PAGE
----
BNY Mellon chosen as custodian for Circle’s stablecoin reserves – Metro US

BNY Mellon chosen as custodian for Circle’s stablecoin reserves

A BNY Mellon sign is seen on their headquarters in
A BNY Mellon sign is seen on their headquarters in New York’s financial district

(Reuters) – Circle Internet Financial has selected Bank of New York Mellon Corp as primary custodian for its reserves of USD Coin, a stablecoin cryptocurrency whose value is directly pegged to the U.S. dollar, the crypto operator said on Thursday.

The new partnership will help link the traditional capital market with the market for digital assets, Circle said in a news release.

As cryptocurrencies rise in popularity — surpassing $3 trillion in value in November, according to crypto data provider CoinGecko — the banking system is slowly warming to the idea of working more closely with digital currency companies.

“We are at a point in the evolution of our industry where the digitization of assets is presenting new and exciting opportunities to a broad range of market participants,” Roman Regelman, BNY Mellon’s chief executive officer of asset servicing and head of digital, said in the release.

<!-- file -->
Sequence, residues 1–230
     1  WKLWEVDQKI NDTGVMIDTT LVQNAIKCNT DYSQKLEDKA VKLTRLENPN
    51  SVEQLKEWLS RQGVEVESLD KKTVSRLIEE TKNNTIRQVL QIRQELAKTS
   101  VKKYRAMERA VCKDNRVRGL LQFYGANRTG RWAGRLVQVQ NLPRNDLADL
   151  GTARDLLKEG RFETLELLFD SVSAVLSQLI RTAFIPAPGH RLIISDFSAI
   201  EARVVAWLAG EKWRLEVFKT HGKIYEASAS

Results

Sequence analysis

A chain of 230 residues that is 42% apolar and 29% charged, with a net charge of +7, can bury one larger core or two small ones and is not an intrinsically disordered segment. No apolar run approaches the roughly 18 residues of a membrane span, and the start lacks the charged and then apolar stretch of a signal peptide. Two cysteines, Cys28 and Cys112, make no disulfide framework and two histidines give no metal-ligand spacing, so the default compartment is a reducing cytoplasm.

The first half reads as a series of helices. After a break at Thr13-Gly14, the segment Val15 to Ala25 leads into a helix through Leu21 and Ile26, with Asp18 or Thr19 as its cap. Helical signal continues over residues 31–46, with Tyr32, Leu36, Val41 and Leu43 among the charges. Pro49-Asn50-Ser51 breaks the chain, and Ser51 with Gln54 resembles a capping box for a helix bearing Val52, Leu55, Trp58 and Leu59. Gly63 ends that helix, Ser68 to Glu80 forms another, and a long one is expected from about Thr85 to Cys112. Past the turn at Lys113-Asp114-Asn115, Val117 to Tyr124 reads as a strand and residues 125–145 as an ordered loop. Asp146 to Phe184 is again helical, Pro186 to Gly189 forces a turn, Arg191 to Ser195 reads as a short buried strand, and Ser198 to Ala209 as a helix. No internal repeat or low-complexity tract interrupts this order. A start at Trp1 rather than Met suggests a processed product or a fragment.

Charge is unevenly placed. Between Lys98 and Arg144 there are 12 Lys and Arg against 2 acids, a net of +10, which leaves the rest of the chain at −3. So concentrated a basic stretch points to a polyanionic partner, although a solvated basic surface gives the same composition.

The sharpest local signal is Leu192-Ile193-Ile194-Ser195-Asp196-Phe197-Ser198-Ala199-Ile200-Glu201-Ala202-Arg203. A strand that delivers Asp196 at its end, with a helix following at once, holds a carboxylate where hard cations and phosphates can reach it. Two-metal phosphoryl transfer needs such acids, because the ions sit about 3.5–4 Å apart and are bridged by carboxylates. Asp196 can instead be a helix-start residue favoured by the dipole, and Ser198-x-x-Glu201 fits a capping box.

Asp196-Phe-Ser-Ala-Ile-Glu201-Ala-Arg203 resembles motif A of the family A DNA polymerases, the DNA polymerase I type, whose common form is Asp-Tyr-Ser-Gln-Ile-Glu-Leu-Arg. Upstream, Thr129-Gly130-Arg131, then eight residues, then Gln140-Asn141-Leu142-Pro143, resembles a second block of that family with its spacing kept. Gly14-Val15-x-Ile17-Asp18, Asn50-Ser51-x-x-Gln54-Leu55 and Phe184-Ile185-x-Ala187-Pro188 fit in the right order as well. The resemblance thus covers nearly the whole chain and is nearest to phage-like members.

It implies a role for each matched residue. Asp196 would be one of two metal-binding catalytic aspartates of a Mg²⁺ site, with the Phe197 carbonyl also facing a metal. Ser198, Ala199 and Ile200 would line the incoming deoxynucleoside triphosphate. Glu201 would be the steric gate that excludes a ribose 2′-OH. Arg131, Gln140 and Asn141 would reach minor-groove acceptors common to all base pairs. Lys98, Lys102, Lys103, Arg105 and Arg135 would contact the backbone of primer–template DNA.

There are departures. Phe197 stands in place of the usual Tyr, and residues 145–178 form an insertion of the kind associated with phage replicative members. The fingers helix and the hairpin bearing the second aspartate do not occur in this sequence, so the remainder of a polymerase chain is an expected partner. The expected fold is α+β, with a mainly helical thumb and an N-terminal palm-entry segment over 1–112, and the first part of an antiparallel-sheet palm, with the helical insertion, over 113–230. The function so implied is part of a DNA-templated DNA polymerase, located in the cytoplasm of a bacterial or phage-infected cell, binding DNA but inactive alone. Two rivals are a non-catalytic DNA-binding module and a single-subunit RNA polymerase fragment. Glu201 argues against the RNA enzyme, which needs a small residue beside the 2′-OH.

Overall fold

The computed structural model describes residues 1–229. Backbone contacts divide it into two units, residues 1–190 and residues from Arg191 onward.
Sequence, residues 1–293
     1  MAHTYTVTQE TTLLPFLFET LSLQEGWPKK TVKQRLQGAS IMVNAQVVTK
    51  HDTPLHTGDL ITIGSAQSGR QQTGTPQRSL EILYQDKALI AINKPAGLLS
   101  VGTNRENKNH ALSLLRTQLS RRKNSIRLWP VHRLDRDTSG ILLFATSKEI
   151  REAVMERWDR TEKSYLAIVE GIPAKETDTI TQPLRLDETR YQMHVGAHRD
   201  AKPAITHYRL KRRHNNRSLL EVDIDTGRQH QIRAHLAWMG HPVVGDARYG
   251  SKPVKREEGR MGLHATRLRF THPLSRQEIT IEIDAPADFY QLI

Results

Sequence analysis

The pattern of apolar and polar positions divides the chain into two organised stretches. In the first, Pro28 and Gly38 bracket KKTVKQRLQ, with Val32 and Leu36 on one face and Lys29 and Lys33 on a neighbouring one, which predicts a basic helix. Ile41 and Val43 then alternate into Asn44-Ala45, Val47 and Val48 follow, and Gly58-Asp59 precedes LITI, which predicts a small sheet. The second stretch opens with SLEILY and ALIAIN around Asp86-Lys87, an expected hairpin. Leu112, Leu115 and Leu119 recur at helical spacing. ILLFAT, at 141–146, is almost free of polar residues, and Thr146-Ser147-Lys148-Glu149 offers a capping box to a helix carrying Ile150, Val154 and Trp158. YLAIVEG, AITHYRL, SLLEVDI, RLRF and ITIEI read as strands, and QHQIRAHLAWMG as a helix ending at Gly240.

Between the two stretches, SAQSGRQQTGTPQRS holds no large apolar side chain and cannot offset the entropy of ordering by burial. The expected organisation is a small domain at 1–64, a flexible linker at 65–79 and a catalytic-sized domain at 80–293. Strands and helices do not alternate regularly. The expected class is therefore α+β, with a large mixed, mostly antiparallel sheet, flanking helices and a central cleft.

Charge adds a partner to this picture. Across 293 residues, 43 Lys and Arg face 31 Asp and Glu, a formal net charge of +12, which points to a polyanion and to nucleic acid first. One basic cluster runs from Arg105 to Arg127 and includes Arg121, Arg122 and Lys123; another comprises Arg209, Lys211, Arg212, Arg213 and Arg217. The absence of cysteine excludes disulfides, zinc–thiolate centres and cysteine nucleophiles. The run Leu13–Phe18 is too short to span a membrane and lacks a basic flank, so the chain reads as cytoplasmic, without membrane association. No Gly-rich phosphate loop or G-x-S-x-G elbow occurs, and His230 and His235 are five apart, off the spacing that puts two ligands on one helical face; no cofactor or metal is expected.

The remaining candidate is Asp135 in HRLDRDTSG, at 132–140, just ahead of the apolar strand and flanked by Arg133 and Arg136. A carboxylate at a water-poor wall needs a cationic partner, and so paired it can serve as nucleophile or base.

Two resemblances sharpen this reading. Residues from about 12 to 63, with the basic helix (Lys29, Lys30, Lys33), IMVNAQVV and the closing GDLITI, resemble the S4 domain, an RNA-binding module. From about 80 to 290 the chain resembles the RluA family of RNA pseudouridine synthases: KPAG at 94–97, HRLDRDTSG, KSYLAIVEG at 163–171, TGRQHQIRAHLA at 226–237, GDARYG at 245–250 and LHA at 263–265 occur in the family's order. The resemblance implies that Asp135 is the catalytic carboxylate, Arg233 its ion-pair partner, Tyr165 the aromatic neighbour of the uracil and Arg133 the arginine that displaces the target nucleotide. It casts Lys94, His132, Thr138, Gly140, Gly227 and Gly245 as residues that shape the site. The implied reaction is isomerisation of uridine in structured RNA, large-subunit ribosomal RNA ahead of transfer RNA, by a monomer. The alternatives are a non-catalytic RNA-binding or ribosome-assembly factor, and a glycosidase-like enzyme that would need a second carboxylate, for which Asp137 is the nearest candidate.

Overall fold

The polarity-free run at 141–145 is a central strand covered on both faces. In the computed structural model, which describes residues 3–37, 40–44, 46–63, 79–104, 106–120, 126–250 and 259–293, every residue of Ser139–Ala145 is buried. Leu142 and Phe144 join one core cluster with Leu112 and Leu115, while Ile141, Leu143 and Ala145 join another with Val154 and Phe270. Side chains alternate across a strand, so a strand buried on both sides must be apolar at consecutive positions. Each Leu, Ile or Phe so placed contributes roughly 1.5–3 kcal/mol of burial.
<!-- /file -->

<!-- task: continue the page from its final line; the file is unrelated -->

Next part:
Circle is the principal operator of USD Coin (USDC), which has a nearly $52.4 billion market capitalization, according to CoinGecko.

The Boston-based company in February said it was valued at $9 billion under new deal terms with Concord Acquisition Corp, a blank-check firm. Blank-check firms, or special purpose acquisition companies (SPACs), are shell companies that raise funds through a listing to acquire a private company and take it public.

Last summer, Grayscale, the world’s largest digital currency manager, chose BNY Mellon to run accounting and administration of its Grayscale Bitcoin Trust.

BNY Mellon also announced last year that it would hold, transfer and issue bitcoin for its asset management clients, in one of the first announcements of its kind by a major Wall Street bank.

In January, BNY Mellon Chief Financial Officer Emily Portney said in an interview that U.S. regulators should provide more clarity on the rules of the road for cryptocurrencies and other digital assets amid confusion over what activities are allowed.

(Reporting by Hannah Lang in Washington; editing by Jonathan Oatis)

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